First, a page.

The fourth semester sees the residential markets grow in Florence and in Milan, the only two Italian cities to register an increase in the number of house sales in the last three months of the year. According to statistics from the Osservatorio Immobiliare dell’Agenzia delle Entrate [Revenue Agency’s Real-Estate Observatory], while the comprehensive outlook for the sector again showed some flection at the end of 2013 – due in part to the new fiscal regime in effect since January 2014 that suggested buyers delay their purchases – the capital cities of Tuscany and Lombardy reported countertrends, with an increase of nearly 13% in house sales.
Specifically, transactions in Florence increased by 12.7%, which allowed for an attenuation of the overall flection for 2013 to -2.3%, with 3,300 transactions: when considering Italy’s eight major cities, only Milan (+3.4%) and Bologna (+1.5%) closed the year with positive numbers – according to the Revenue Agency’s data – while Florence is the one that suffered the most contained contraction. The picture offered by the rest of the Florentine province is [quite] different: the fourth quarter saw a new drop in operations (-3.7% to 3.845) compared to the same period in 2012, whereas the same indicator for the entire year approached 9%.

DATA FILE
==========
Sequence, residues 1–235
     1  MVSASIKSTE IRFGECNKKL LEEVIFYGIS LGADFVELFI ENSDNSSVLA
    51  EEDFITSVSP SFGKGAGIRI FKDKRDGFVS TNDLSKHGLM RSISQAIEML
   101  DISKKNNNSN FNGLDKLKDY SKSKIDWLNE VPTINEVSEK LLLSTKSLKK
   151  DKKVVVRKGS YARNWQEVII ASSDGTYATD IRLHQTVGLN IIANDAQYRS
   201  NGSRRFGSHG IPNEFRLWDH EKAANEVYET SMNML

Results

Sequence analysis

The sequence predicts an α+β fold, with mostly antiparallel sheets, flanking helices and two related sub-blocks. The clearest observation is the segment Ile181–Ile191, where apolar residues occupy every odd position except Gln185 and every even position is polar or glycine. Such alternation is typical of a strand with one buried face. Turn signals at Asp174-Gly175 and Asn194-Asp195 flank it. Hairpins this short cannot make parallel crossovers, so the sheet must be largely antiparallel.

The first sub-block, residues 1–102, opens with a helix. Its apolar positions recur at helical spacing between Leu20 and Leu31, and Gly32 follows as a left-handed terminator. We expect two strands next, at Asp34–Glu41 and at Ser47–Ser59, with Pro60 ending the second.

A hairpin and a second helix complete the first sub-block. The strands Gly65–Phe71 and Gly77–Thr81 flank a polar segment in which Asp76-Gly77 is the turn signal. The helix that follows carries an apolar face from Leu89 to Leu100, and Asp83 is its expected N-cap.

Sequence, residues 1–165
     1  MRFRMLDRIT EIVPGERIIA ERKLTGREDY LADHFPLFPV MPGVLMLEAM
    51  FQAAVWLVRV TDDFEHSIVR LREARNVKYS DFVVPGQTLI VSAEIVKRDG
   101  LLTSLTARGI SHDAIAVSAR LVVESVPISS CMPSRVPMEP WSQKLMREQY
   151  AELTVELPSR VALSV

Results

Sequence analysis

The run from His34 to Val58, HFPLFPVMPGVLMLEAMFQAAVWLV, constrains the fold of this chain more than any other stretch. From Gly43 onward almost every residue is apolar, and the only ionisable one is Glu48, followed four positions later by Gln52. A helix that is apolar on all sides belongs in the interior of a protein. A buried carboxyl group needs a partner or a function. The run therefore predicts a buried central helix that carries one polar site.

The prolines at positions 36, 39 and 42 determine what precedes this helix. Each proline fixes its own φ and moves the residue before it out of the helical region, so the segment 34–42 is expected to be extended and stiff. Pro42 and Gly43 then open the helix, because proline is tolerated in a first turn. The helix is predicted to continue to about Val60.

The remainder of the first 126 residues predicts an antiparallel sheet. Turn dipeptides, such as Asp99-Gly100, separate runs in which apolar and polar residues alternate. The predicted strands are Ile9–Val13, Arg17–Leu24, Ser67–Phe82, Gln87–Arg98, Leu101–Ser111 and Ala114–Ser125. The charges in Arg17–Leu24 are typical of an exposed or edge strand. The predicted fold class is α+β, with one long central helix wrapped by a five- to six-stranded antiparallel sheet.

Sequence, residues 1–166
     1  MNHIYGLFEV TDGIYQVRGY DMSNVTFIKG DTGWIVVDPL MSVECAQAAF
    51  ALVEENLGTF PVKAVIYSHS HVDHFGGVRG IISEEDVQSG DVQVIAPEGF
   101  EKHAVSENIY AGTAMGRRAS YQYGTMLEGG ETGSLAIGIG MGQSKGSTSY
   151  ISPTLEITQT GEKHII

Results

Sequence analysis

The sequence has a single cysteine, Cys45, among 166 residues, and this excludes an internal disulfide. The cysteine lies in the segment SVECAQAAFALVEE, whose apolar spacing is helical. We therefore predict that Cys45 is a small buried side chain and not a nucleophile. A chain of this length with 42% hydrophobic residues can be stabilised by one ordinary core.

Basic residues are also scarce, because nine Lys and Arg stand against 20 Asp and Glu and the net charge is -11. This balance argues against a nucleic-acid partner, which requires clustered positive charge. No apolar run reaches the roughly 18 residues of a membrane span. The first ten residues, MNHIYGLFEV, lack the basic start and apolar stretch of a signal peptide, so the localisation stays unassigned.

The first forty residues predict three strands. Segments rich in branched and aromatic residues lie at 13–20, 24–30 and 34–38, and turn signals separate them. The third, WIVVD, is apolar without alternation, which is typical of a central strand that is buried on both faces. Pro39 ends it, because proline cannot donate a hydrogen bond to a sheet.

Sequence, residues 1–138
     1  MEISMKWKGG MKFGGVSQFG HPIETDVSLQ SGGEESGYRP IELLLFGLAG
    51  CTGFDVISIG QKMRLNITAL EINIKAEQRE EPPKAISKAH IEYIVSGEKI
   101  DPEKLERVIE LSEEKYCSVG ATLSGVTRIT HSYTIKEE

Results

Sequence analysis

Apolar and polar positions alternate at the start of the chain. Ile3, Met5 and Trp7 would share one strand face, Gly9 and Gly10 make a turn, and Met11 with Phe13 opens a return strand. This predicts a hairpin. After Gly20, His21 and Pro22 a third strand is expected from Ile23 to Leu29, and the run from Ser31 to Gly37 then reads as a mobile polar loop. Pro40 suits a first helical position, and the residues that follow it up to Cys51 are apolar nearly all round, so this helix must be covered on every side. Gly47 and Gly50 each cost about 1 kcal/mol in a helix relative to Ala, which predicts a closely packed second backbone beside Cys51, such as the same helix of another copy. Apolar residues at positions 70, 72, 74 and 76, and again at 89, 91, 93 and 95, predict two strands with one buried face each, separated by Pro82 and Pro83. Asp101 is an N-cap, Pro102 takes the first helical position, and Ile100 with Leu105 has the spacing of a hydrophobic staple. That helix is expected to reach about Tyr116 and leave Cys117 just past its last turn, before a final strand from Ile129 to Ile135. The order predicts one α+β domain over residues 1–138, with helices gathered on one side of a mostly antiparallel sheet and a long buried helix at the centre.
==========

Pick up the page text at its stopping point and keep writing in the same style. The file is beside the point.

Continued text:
Florence maintains the Italian primacy in terms of house prices. The mean value for a house sold in the second half of 2013 in the Tuscan capital is 310,400 Euros, a figured that despite a flection measured at approximately 2.4% compared to the first half of last year, keeps Florence at the head of rankings for Italy’s twelve major cities, ahead of Venice (307,600 Euros) and Rome (295,000 Euros). In terms of footage, prices in Florence indicate 3.139 Euros per sq m (according to this index, Rome and Bologna have slightly higher mean values) with variations that range from a mean of 3.400 Euros per sq m in downtown to the 2.712 Euros per sq m in the municipalities bordering Florence.
The analysis conducted by the Osservatorio Immobiliare also analyzed the real-estate market of Italian cities with more than 150,000 people, naturally excluding the twelve major cities: in this case as well, Tuscany tops the ranks in terms of prices. The mean cost for the purchase of a house reaches nearly 240,000 Euros in Prato, which leads in this category ahead of Cagliari and Parma. Livorno ranks fourth, with a mean house price of 215,000 Euros. In the fourth quarter, the variation was contained under 1% flection for both of Tuscany’s centers. As for prices by the square meter, Parma confirms its primacy (2.321 Euros) followed by Prato (2.210 Euros).